Are you working with copywriters, graphic designers, and social media management experts or are you just winging it and hoping good things happen?
Where you are placing ads
Have you researched the ad networks you use to determine if enough of your target market will see your ads?
Are the number of impressions you’re getting commensurate with what you’re bidding for ad placement?
Does the ad company assign you an agent who can give you tips and advice for how to improve your visibility?
Your ad spend
Are you going far enough out on a limb to get enough impressions?
Are your bids too low to get good exposure?
Your social media presence
Are you actually present on your social channels or are they largely on autopilot?
Are you engaging with your audience in a way that reveals a human being behind your brand?
When people ask questions is it taking minutes, hours, days, or weeks for you to reply?
Do you secretly judge potential customers by the questions they ask or the comments they make?
Your social media posting habits
Are you posting new content at reasonable and predictable intervals?
Is that content being presented in a way that gets people to stop scrolling?
Scheduling posts and emails
Automation is a wonderful thing, but have you gotten caught up in a hands-off approach to marketing?
Come on, admit it…
Checking your metrics
Do you routinely analyze your marketing efforts to pinpoint the types of content, the social platforms, and even the times of day when your content gets the best engagement?
Keep in mind that you will never reach an audience that isn’t tuned in when you decide to broadcast.
#2 – Keep What Works, Ditch What Doesn’t
Do not keep spending money on ideas and procedures that simply do not work, even if it means letting go of your most favorite methods and details.
This isn’t about you; it’s about what the current market is demanding. It’s the market that drives your success. It wants you to be successful because that means it is getting what it wants.
Start developing a deeper understanding of the symbiotic relationship between your product and how the market engages with it.
Even if you have a product the market desperately needs, the right people will never consider it if your approach isn’t in tune with how they will respond to it.
Again, take your ego out of the equation and deal with what the market is demanding right now.
It will communicate all of these things through what you observe about your engagement, what your metrics have to say, and the feedback you get in comments and questions from your audience.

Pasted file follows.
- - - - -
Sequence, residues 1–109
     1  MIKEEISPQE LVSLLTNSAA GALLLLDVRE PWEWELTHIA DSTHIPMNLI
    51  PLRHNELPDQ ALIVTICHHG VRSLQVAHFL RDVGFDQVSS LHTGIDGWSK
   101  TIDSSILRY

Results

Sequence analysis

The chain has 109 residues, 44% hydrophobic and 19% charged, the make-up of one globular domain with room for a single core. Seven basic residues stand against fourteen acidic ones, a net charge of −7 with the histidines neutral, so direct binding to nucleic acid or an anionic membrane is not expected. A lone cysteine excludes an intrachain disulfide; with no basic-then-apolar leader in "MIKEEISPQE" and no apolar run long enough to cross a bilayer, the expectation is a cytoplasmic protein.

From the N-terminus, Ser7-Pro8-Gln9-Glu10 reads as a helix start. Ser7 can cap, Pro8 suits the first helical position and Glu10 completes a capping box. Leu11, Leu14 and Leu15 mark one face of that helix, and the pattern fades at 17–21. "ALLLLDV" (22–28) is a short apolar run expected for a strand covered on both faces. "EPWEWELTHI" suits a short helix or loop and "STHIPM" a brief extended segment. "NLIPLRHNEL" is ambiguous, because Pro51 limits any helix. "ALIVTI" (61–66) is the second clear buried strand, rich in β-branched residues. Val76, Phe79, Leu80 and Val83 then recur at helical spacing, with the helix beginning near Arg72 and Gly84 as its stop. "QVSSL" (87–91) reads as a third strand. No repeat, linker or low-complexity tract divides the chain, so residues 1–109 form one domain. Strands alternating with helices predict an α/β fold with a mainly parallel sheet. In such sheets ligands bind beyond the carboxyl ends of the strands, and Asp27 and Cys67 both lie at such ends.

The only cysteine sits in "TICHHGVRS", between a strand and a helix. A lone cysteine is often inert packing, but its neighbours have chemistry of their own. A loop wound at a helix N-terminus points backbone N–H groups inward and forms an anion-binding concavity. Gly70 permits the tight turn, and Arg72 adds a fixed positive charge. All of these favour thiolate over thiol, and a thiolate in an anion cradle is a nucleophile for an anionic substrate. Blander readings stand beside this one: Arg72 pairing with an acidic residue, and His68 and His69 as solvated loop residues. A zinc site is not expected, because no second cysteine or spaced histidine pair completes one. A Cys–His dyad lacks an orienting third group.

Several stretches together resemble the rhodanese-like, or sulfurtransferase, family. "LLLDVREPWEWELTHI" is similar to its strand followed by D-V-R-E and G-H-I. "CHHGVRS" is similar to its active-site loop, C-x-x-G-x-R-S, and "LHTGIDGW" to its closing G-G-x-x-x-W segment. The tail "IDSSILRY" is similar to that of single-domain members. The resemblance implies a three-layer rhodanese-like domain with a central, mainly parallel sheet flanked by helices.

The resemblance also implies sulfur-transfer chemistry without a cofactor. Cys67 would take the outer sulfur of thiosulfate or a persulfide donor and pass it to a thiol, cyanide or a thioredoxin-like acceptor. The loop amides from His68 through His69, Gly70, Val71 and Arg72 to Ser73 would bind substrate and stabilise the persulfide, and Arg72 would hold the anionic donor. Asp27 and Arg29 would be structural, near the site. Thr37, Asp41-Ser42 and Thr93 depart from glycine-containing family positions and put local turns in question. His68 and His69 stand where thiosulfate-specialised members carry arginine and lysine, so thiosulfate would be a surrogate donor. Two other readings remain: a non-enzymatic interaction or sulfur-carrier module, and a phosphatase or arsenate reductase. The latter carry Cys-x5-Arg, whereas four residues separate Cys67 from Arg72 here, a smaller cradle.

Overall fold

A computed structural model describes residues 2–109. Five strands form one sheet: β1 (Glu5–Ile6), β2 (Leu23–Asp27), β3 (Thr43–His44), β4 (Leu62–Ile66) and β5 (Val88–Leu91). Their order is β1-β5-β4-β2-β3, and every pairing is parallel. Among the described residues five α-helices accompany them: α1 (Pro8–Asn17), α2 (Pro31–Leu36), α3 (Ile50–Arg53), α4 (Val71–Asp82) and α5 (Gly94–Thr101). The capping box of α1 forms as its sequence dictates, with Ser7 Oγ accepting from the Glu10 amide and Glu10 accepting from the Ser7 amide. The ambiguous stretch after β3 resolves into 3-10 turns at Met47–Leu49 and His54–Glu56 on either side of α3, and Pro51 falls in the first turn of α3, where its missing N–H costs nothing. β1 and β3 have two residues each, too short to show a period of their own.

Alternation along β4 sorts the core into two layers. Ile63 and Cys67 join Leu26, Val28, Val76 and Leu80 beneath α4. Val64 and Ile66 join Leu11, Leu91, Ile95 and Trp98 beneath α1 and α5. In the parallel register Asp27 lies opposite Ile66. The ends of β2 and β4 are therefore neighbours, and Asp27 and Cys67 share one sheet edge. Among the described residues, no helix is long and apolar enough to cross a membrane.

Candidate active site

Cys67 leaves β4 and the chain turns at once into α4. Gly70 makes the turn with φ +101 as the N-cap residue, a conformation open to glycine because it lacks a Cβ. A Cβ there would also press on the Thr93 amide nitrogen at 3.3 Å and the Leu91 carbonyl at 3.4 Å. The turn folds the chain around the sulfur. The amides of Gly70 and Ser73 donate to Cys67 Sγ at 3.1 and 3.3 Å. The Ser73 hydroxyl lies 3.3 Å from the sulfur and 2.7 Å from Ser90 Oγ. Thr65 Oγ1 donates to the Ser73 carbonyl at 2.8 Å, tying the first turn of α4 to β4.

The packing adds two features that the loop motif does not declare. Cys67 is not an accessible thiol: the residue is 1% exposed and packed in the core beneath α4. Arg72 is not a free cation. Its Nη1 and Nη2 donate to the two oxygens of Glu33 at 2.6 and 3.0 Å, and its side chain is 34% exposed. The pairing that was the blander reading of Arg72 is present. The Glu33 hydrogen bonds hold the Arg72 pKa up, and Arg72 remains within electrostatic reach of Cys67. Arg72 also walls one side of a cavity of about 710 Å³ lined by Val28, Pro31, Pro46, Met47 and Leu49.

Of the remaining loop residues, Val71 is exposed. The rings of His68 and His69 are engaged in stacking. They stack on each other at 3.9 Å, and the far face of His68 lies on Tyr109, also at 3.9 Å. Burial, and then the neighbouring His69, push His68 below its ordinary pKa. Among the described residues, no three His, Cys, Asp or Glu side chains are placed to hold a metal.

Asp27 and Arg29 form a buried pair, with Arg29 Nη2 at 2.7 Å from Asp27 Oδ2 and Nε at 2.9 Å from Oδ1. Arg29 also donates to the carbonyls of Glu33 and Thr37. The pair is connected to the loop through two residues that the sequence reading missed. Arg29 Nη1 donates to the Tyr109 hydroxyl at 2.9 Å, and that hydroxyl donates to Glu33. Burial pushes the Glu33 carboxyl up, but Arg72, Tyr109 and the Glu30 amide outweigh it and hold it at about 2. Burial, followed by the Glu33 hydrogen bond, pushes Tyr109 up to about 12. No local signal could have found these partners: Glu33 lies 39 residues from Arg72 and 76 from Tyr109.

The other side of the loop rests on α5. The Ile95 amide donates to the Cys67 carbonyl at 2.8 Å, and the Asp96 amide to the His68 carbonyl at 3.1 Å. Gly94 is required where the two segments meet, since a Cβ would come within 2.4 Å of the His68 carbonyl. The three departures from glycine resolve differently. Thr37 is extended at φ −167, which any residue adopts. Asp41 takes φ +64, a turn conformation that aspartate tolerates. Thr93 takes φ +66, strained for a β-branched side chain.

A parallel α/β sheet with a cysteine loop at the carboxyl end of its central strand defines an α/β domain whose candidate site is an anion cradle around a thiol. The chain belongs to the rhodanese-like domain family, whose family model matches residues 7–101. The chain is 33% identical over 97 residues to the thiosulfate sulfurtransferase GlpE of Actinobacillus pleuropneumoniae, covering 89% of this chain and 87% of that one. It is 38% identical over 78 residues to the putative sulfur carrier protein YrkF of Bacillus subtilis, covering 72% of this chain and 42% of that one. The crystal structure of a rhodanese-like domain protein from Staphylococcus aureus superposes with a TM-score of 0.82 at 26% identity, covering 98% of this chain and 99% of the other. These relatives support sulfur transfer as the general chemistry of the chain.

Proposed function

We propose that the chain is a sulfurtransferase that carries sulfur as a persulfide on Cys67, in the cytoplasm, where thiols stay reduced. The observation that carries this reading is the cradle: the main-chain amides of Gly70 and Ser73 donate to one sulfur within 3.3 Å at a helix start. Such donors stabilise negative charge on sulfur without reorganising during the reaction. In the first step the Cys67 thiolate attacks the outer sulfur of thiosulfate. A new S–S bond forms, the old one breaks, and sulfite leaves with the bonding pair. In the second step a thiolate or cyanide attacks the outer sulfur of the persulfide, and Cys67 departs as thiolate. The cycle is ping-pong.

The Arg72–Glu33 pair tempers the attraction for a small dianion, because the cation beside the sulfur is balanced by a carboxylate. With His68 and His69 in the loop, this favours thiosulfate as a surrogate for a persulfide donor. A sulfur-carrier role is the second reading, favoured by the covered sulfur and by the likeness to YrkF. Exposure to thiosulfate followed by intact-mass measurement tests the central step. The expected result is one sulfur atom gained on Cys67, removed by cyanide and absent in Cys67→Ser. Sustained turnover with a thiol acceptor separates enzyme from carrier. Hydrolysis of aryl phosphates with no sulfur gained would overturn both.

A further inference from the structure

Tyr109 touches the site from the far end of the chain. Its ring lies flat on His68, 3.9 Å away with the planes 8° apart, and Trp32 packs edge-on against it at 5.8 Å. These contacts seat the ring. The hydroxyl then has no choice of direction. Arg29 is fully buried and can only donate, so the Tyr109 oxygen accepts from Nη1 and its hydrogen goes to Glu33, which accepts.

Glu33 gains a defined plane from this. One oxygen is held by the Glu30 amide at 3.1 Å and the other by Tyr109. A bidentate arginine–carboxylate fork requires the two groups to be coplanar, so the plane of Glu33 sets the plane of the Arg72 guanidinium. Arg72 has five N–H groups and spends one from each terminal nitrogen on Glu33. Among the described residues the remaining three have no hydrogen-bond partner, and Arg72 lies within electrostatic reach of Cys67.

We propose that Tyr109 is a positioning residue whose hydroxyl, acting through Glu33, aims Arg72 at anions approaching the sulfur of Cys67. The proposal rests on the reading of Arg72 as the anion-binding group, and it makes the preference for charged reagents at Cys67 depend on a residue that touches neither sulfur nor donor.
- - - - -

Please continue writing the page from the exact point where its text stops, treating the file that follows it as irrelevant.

From there, you just need to be willing to make changes (and actually make them).
#3 – Split Test, Split Test, Split Test
…And when you’re done, split test some more. The more you do to narrow down what the market wants, the more money it will start sending you. If, after you settle into a strategy, things start slowing down again, it’s time to start over.
Make no mistake: this is an ongoing process. It’s tiring, it’s frustrating and it takes a lot of energy, but it is well worth it.
Things that you can use as split testing tools include:
- Blog posts – try approaching similar subjects from different perspectives
- Squeeze pages – try and find the sweet spot between a concise call to action and the information you attempt to capture. Try placing opt-ins in different parts of the page… you get the idea.
- Emails – test messages with clear calls to action on small list segments then send to everybody if you get good engagement. Subject lines are a great place to start the split testing process here, too.
- Landing pages – experiment with different headlines and visuals. Change the placement of visuals, opt-in forms, buttons, etc. and see what people respond to most favorably.
- Social posts – try promoting the same blog posts with different visuals. This will help you discover what your target demo is really into.
#4 – When All Else Fails, Start From Scratch
Don’t get so personally involved in marketing a single product or type of product that you forget the most important part about this whole thing: it’s not about you.
What you like is irrelevant. What you want to market is irrelevant.
If your product doesn’t have enough of a market to make your efforts viable, select another one, even if it means abandoning an entire niche or industry.
Success has very little to do with our own personal likes and dislikes.
You can express and generate enthusiasm about anything, even if it’s not your particular cup of tea. We think that’s the most important lesson to take away from this: be flexible. Interact with products you like; sell ones that actually sell.
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Updated: Originally published March 6th 2018